I am a caregiver of a 96 year old parent, and your article actually stressed me even more with comments such as the following:-Feeling guilt in not spending more time with elderly parent "especially when busy schedules and distance make visiting difficult".My Dad lives with me and my family, so distance isn't an issue. I'm retired, so a busy schedule isn't a big issue. The BIG issue is his neediness and inability to understand that I need my space and cannot spend every waking minute in his presence.You actually have a built in reason NOT to feel guilty if distance and busyness are your issues. However, I do not have a distance or a busyness problem, so my guilt is "especially" harder for you to understand?-"Putting another person’s needs before your own is a sign of love. You may feel it’s your duty to devote all of your time and energy to care for your parents the way they cared for you as a child. This is your chance to give back and you don’t want to feel selfish or let your loved one down by putting your needs before theirs."Your comments here are all guilt inducing talking points. Putting another person's needs before your own, you should point out, is a sign of insanity and will only wear you down and end badly. It is not a sign of love. It is a sign of the guilt that we're trying to eliminate from our lives. Likewise, giving back? The guilt some people feel when they do not "give back" is a terrible burden, and should not be normalized in your "matter of fact" fashion. Parents receive so much already from successfully raising their kids, nurturing them from helpless babies to successful adults. My children have NOTHING to give back to me when I am old. They have already given me so much. Likewise, I have nothing to give back to my parents.Quite simply, I am a caregiver of my Dad because I love him (although this should not make one feel as though they need to put the needs of their loved one above their own...already discussed), he does not want assisted living, and the situation has not gotten intolerable up to this point. Still, it is a heavy burden.- "I feel guilty for putting my loved one in a nursing home."So, I then must be a real bottom feeder jerk to think my dad might belong in an assisted living facility since he is not currently in need of nursing home care? You need to include assisted living in your discussion. Not doing so makes it appear to the guilt stricken that putting your loved one in anything short of nursing home care makes you an especially terrible child.Not a helpful article. At all. Actually made me feel much more guilty!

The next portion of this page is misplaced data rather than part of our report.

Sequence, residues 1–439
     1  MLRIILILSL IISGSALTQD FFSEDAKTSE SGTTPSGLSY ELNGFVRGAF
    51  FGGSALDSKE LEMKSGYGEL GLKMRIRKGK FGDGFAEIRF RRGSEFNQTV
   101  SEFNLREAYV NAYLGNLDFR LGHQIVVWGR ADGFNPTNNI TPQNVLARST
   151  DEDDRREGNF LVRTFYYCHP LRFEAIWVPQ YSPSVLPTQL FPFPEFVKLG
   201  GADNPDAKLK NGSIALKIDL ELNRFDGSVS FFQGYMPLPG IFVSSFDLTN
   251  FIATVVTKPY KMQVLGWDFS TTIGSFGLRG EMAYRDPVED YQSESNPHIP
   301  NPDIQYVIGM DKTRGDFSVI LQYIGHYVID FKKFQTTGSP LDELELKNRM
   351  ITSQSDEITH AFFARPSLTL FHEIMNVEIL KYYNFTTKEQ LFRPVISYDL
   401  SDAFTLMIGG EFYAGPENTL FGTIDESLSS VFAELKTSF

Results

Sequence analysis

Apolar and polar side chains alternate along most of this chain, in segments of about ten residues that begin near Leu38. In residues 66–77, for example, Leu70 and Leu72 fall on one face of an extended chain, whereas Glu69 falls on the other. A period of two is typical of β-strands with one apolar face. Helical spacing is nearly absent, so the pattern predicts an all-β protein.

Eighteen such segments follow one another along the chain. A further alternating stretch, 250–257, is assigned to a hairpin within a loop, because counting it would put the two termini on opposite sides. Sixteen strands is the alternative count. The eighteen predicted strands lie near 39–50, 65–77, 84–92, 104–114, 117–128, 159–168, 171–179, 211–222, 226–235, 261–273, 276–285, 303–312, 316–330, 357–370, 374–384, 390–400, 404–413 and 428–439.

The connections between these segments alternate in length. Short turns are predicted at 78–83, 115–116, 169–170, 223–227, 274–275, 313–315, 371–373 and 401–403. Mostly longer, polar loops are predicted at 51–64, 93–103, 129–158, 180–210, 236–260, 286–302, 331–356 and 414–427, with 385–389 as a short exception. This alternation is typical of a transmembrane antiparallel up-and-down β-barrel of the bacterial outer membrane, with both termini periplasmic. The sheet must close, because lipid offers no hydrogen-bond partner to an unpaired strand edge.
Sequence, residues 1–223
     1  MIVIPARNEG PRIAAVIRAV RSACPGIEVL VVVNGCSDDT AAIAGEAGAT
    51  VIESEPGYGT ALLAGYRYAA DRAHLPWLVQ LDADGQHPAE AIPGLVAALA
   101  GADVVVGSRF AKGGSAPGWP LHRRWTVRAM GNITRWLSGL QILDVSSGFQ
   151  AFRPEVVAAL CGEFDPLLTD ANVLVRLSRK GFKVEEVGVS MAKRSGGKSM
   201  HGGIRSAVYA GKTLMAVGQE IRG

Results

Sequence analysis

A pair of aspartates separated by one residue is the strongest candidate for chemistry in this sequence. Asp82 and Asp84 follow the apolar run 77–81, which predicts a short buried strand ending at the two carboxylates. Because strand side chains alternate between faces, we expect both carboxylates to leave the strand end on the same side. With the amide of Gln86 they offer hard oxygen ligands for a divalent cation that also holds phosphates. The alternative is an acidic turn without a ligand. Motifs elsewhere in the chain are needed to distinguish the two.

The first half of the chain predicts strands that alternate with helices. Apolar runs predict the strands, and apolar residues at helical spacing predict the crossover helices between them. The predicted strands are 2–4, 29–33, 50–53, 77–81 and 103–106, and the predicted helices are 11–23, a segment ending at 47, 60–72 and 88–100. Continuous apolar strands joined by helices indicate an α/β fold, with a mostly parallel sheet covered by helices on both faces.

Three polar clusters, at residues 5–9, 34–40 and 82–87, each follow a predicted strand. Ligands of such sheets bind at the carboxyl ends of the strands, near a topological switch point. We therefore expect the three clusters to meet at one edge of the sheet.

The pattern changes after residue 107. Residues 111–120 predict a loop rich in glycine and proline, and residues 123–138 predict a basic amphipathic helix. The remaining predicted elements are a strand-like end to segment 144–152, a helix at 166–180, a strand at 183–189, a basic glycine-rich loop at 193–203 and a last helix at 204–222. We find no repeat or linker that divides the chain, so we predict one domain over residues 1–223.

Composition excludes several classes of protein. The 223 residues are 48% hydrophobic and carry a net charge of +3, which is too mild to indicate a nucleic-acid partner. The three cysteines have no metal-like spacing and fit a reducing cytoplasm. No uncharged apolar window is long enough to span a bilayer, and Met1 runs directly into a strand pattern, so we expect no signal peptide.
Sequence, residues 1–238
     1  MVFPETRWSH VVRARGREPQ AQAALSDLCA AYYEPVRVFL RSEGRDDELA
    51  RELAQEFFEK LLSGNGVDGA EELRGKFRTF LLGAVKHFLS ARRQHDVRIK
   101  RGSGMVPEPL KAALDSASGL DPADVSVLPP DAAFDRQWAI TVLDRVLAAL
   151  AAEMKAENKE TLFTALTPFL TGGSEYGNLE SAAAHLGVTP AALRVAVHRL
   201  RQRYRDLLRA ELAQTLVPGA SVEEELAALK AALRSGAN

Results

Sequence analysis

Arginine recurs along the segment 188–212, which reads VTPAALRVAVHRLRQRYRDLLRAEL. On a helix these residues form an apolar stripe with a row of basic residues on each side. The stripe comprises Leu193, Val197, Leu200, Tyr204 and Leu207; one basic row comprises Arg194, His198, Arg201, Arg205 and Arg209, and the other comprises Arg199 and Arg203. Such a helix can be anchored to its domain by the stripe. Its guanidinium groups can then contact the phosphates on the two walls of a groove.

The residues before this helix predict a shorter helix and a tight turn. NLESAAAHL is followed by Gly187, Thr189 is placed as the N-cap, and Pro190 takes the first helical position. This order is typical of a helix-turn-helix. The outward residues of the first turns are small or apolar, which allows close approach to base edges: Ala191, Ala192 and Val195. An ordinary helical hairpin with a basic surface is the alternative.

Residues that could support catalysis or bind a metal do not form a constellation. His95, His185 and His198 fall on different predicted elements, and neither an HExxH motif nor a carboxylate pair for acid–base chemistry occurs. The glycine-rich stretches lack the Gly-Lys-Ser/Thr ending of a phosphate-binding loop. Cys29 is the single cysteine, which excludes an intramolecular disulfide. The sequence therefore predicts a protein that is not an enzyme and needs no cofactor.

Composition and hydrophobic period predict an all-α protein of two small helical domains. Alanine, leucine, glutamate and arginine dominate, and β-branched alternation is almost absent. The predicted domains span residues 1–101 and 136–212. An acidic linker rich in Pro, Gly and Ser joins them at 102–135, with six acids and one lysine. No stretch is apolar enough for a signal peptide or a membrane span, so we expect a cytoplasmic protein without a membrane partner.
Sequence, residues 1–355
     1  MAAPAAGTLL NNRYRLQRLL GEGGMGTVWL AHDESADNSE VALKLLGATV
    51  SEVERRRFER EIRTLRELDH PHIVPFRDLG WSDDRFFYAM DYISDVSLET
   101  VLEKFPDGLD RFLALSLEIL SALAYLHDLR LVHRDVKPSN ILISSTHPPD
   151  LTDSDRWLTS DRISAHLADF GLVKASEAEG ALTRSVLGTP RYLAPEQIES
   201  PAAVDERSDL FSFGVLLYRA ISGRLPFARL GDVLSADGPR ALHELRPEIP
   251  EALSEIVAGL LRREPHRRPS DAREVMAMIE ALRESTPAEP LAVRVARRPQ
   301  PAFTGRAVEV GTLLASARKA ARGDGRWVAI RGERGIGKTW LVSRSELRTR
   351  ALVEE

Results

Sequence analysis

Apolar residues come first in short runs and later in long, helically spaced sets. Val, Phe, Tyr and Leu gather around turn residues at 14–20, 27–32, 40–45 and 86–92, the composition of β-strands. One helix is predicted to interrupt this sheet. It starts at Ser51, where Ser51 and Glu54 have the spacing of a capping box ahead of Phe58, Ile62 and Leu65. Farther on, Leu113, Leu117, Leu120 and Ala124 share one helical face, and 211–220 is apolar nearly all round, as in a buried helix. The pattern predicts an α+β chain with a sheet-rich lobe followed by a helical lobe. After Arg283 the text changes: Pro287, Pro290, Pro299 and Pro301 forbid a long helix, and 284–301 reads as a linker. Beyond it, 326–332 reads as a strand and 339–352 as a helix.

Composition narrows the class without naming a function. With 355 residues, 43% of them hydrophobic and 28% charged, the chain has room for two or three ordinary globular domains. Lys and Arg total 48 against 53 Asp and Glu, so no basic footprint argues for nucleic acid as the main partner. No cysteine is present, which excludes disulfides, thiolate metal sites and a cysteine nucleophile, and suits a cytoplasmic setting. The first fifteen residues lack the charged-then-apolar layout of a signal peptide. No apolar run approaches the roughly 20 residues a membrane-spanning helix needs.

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  4. February 4, 2019 at 12:47 am | Posted by Lynne Bowden

    I needed to hear this so badly right now. Thank you!

    Reply

  5. May 25, 2018 at 11:31 am | Posted by Paul

    05/25/18 My mother of 84 yrs of age. Also suffers from Dementia I believe it was diagnosi since around the age of 70 . Since of then I've been her CAREGIVER .NO ,I'M DISABLED MYSELF. THE FEW FIRST YRS SHE WAS WALKING,COOKING,BATHING,WHAT WE ALL MOST DO EVERYDAY . HER DR. TOLD USE THAT IT WAS ONLY GOING TO PROGRESSE TO EVEN ALZIEMERS. SHE GETTING CLOSER . I'M 45 YRS OF AGE HAVE 2 SONS 1 GRANDDAUGHTER 2 SIBLINGS. YES THIS IS A REALLY SAD , HEART BREAKING, AND VERY STRESSFUL ESPECIALLY FOR BEING A MAN MY 2 SIS HELP BUT I LIVE WITH HER 23/7. IT'S A ROLLERCOASTER EACH DAY IS DIFFERNT THERE'S GOOD AND HARD DAYS. HAVE TO BE CALM AND HAVE PATIENCES. I WAS ALWAYS ON MY SIS CASES FOR NOT HELPING MORE THEN THEY SHOULD . UNTIL ONE DAY THEY TOOK HER FOR THE WEEKEND AS I WAS WALKING TO A FRIEND'S HOUSE ,I RUN INTO TWO LADIES SEATING BEHIND THIER TAILGATE OF THE TRUCK AT AN EMPTY PARKING LOT. HAD THINGS THEY WERE SALING MY EYES GOT ATTRACTED BY A CERAMIC ANGEL I ASKED HOW MUCH THEY BOTH SAID WHATEVER U WISH TO PAY. I ASKED IF THEY WERE SIS YES THEY SAID TOLD THEM U NO LONGER SEE SIBILINGS TOGETHER ANYMORE . MAKE THE STORY SHORT ONE OF THEM WENT THROUGH WHAT WE GO THROUGH SHE HAD 8 SIBILINGS . AS MY TEARS WERE RUNNING DOWN MY FACE . THE OTHER DIS TOLD ME IF I BELIEVE IN GOD?YES. THEN TOLD ME GOD CHOICE YOU CUZ HE NEW THAT U WOULD B THE BEST TO TAKE CARE OF HIS CHILD . JUST LIKE US WOULD U WANT THE BEST SITTER , DOCTOR,OR SCHOOL FOR UR CHILD OF COURSE. THAT ALSO GOD WELL BLESS ME LATER FOR DOING HIS WILL. I TOLD THEM I'M BLESSED ALREADY CUZ I STILL CONTINUE HAVING AND GAVE ME THE BEST MOTHER ANY ONE CAN HAVE . I NO WHAT WE FEEL .WE NEED TO TAKE EACH MIN THAT WE SPENT WITH THEM AND ENJOY IN AND IT WILL REGESTER AUTOMATIC INTO OUR MINDS AND HEARTS ONCE THEY R CALLED UPON TO WE WILL B IN PEACE CUZ THE WILL OF GOD WAS DONE TO THE FULLEST . WE R NOT ALOAN PEACE AND LOVE .

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  6. May 25, 2018 at 10:03 am | Posted by Paul

    I agree that its not easy taking care of our loved ones.

    Reply